Carly Rae Jepsen skyrocketed onto the pop scene in 2012, and fans can expect to hear all of the great new hits from her latest album Emotion, perhaps. “We’re such huge Carly fans and we’d love to see her perform, but hey, if not then it’s like whatever,” exclaimed Sophomores Emma Pollusky and Cynthia Herrera.
At press time, sources report that, though she has only been on campus for a few hours setting up, she definitely really really likes us.
BARTON HALL – Audience members of yesterday’s Modest Mouse show say it was one of the best performances they had ever seen, as the band played their hit song “Float On” for the entire two hour concert.
“I’m a massive fan of Modest Mouse. I’ve probably played ‘Float On’ about one-hundred times on my ipod” said concert goer Dave Hubsher. “It’s amazing to hear them play [‘Float On’] live.”
For the setlist the band opened the show with a powerful performance of “Float On,” then played “Float On” repeatedly for two hours, then closed with “Float On.” The band then took short break, and played “Float On” three times for the encore.
“That concert was insane! I’ve never been so pumped in my entire life. After the show ended I needed to hear more. So I listened to “Float On” at home for another five hours,” said, Rebecca Robbins.
The band’s new album, “‘Float On’ The Anthology” can now be purchased on Amazon.
The administration has effectively closed the arts quad statues of Ezra Cornell and A.D. White, citing a lack of proper resources available to secure and maintain these historic monuments. Students are prohibited from looking at, sitting near and taking pictures of the statutes, and are discouraged from “enjoying them from a safe distance” according to campus sculpture curator Lisa Doblin. “Students are still allowed to walk across the arts quad with their head down, or they can take a different route through campus if they feel they are unable to comply with these restrictions.”
Doblin added,“That statue by Statler with the dick is still open though. So there’s that.”
Due to nonessential labor and upkeep costs, Cornell’s famous chimes have been removed from the clock tower. President Skorton refuses to let the campus go without music, however, telling CUNooz: “I asked my 16-year-old nephew Colin if he had anything to play music on. He said I could use his old ‘amp’, as he just bought a new one for his band with his birthday money.”
Skorton’s secretary, Allie Goldstein, has been assigned the task of compiling a playlist of acceptable music. When questioned, Goldstein promised that the music on deck for play will not deviate from the tunes the Cornell community has grown to love: “I have a couple different bell noises from Youtube to play on the hour. Of course, the main focus has been on getting pop songs from 6 months ago and royalty-free Christmas songs.”
Skorton advises students and faculty to keep an ear out for the change later this week.
Last Thursday, Biology Freshman Alyson Boyer took a photo of the arts quad from the Seventh Floor Stacks in Olin Library with her iPhone, then uploaded the picture to Instagram. The picture highlights the interweaving paths and overlooking architecture that makes the quad famous.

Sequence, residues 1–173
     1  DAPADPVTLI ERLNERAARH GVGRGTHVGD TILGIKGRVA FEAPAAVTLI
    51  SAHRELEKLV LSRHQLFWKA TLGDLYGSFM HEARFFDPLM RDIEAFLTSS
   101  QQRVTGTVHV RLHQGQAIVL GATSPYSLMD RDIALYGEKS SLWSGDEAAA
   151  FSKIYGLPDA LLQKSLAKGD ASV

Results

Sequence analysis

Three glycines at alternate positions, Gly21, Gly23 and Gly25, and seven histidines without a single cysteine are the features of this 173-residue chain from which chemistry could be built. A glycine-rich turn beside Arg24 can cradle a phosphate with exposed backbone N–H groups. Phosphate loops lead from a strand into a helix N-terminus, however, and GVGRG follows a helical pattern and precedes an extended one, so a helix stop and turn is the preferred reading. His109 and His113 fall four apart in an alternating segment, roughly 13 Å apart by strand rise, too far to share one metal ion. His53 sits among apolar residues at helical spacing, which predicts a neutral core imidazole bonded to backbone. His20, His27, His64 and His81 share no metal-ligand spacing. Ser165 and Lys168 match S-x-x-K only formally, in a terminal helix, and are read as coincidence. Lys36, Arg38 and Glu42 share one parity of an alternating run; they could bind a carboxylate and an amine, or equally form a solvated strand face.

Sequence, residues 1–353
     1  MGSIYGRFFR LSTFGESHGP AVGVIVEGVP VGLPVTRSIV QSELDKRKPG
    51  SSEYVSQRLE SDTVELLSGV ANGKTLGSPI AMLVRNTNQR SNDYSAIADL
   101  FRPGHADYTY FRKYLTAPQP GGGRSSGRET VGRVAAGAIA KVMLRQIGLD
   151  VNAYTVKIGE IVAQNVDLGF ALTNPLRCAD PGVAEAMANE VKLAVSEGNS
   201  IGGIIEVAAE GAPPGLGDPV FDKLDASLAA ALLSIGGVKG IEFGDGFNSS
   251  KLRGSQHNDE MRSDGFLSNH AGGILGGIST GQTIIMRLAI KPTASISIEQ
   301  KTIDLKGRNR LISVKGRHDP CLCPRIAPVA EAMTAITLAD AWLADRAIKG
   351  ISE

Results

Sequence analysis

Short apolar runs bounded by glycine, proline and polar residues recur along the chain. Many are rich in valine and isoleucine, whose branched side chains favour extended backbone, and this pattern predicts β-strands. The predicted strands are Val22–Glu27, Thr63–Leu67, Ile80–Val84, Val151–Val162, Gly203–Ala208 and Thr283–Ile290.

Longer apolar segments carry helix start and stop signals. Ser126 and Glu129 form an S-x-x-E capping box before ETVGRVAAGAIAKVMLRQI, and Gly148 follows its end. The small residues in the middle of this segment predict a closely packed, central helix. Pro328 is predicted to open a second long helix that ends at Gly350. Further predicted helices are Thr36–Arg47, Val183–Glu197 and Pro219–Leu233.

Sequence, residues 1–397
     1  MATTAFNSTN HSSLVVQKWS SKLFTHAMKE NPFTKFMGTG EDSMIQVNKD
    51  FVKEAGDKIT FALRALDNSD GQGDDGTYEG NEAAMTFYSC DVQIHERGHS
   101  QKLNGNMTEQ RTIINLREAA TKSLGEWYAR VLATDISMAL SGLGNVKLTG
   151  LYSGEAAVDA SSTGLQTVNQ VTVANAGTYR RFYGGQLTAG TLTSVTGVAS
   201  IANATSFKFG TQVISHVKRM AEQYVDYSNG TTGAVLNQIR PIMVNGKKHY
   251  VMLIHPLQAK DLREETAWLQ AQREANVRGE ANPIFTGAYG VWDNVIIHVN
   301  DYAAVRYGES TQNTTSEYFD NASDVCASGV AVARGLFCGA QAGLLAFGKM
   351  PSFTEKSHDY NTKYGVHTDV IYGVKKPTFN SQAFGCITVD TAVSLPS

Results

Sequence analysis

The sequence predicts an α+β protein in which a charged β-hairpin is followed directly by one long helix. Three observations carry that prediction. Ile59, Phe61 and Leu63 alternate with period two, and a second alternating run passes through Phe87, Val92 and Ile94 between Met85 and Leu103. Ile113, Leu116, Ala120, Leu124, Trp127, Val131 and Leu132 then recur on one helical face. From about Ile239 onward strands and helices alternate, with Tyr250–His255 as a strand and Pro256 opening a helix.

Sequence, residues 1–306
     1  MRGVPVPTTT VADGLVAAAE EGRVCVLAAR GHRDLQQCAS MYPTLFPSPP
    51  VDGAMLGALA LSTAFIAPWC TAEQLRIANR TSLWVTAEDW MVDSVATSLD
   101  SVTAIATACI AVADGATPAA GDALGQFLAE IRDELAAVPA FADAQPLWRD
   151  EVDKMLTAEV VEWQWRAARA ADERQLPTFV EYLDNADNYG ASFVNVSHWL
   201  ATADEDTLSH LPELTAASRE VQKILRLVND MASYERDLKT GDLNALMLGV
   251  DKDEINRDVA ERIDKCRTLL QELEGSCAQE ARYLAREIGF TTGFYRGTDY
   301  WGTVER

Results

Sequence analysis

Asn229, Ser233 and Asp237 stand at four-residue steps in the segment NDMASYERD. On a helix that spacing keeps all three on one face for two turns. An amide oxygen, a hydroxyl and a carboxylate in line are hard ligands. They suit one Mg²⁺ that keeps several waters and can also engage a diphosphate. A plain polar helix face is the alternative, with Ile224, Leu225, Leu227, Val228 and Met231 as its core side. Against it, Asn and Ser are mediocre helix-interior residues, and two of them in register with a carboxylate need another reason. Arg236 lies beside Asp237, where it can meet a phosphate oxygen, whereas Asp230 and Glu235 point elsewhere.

Almost immediately, the photo began to garner hundreds and then thousands of likes. By the end of the day, screenshots of the Instagram photo were taken and posted to other social media websites such as Twitter, Facebook, and Reddit, where its artistic and aesthetic superiority were praised.
As one Instagram user commented, “The photographer must be one of the most talented artists, if not the most talented artist, that has ever existed. Her deliberate use of the out-of-focus shot, off-balance positioning, and the intentional white spot from leaving the flash on next to the window is truly remarkable. It clearly speaks to the erupting social climate from increasing income inequality in this country.”
Her photo has been the subject of discussion in hundreds of news forums and talk shows. Even President Obama seems to be touched by the photo as he tweeted, “Wow Aly that photo is awesome. It makes me think a lot about things and stuff. If you’re looking for a summer internship, give me a call #POTUS.”
When asked about her claim to Internet fame, Boyer responded, “I always knew something like this would happen. Instagram lets me express myself visually and it was only a matter of time that other people realized how amazing I am.”
Boyer says that she plans to continue her photography. “For my next project, I’m still deciding on whether I should Instagram a photo of the gorges from Thurston Bridge, a photo of Libe Slope looking down at Baker Flagpole, or even taking a picture of the Clocktower from Ho Plaza….Oh and I’m really excited for Spring so I can take really close-up shots of the cherry blossoms.”
In light of several high profile hazing incidents, leaders of Pan-Hel, IFC and MLGC organizations have moved to educate new members through a unique and creative forum: a musical. The musical will include both original and classic songs in order educate new members on the dangers of hazing at Cornell.
Greg Michaelson, the associate creative director of the Tri-Greek council, told Cornell Nooz that the show would include modern twists on old classics as well as several original numbers. Greg exclaimed “I’m sure songs like Who Turned off the Lights and Don’t put your Finger in there are really going to resonate with new members.” He told us he was especially excited for the dance choreography in the song Take Eric to the Hospital.
The musical, which is expected to cost under $2000 dollars, has been touted by the administration as a “great, educational and fun way to prevent new members from engaging in sexually humiliating and potential life threatening hazing activities”.